Chuckanut Community Forest Metropolitan Park District – special election coming in February 2013

922503336The continuing saga of how the City of Bellingham purchased the Chuckanut Ridge, aka; 100-Acre Woods in August of 2011.

The 100-Acre Woods was owned by Greenbriar Northwest and had been legally zoned for, multi-story, single family homes. Greenbriar had many obstacles placed before them which delayed this development. In 2008 when the real estate bubble burst, the feasibilty that the development could ever happen, withered and Greenbriar Northwest spiraled into bankruptcy. The bankruptcy of Greenbriar Northwest then dominoed into the closing of Horizon Bank, by the FDIC, who turned the banks assets over to Washington Federal Savings and Loan (WaFed).
WaFed eventually worked out a deal with the City of Bellingham to sell the the 100-Acre Woods for a substantially discounted price of $8.7 million. This was a far cry from the original assessed valuation of $26 million, or the present valuation of $11.8 million. (Forgive me as I digress, but as they crowed about purchasing this property for a song, they failed to admit that the city also lost approximately $275 million in real estate excise taxes from the future sale(s) of the lots, or all of the future property taxes not realized because this property was removed from the city and county tax roles. These not so frivolous money matters should have been considered and discussed before taking a private asset and placing this land into the public domain as a liability.) So, as I wander forward, the City of Bellingham had $5 million available from from the Greenways III levy and Southside Park impact fees to pay towards this purchase. The remainder was paid through the approval of an inter-fund loan of $3.3 million, from the Greenways III, maintenance endowment funds. The $3.3 million inter-fund loan has to be repaid by 2017. So, at the time it was promised that the “Responsible Development,” coalition would raise $1.0 million to repay part of the inter-fund loan. It was also suggested that WaFed might make a financial contribution for repayment of the loan, or find a private lender to make a short-term loan, that would be repaid after running a new Greenways levy.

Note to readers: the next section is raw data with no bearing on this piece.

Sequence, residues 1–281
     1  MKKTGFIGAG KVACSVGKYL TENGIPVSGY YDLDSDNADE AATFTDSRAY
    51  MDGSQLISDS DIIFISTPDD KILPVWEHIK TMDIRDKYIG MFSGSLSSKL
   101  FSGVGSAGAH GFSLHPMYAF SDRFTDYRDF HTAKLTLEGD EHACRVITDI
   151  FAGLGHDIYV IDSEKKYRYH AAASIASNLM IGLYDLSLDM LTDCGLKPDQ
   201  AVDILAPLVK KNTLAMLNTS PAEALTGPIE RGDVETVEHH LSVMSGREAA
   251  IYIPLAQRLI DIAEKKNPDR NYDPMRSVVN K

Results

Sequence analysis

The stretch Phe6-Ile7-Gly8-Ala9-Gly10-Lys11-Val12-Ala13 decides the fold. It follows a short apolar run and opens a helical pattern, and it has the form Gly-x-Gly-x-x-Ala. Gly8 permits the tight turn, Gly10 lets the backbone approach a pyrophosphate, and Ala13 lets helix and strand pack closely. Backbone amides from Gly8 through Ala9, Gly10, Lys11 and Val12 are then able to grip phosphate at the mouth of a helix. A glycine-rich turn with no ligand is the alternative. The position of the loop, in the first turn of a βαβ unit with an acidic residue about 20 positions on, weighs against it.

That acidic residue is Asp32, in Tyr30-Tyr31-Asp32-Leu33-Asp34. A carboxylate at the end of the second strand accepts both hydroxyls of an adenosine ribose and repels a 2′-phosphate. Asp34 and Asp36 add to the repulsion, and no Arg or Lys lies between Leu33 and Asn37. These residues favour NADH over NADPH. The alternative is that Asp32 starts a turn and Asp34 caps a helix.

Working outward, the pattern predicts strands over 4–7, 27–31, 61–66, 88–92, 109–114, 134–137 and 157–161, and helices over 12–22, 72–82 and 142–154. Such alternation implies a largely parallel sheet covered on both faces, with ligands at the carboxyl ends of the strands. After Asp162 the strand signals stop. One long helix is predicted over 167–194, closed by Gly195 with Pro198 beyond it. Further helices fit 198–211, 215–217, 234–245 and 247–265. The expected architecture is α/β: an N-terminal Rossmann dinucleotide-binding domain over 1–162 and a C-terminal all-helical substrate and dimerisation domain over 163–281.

In the interim, in 2011, the City of Bellingham elected a new mayor, Kelli Linville, who suggested that the City of Bellingham rezone and sell-off 25% of the property to repay the inter-fund loan, but the Bellingham City Council voted against this proposal by Mayor Linville.

Fastforward to 2012, the lack of promised money to be raised by “Responsible Development,” the lack of a financial contribution from WaFed, and here we are at the crossroads of a new proposal to approve a metropolitan park district (MPD), for the express purpose of creating a new taxing distrit(s) to repay the tax money that was loaned from the Greenways III, maintenance funding. Also, the City of Bellingham was very generous and patient (as they usually are) when it came to a park acquisitions. The signatures needed to acquire approval to bring the MPD to a vote only needed to be delayed long enough for the good students of Western Washington University to come back to town. Yes, the original time frame for the signature gathering to have been completed was September 2012, but was extended into October of 2012 and voilà the required number of signatures were acquired.

From here the end of the story will not be told until after the special election is held in February 2013, at which time a special cookie-cutter section of Southsiders will be voting on gaining control of the 100-Acre Woods and the ability to tax property owners to pay for it all.

There is a great site which gives a good look at what’s coming up in the special election, if the voters approve the Chuckanut Community Forest MPD, here. I urge you to visit this site, learn as much as you can about this issue, share what you learn and consider signing the petition there, too.

Update on posting: Learn more about how a metropolitan park district (MPD) can tax you and control your ability to use your property. There’s a lot more to know about MPD’s than they’ve educated the voters to be aware of.

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Think we don’t have enough park land in Whatcom County? Check out this report and ask yourself how Whatcom County affords to maintain so much park land? Because we don’t! Whatcom County budgets very little for the maintenance of its parks and allows much of it to go wild.

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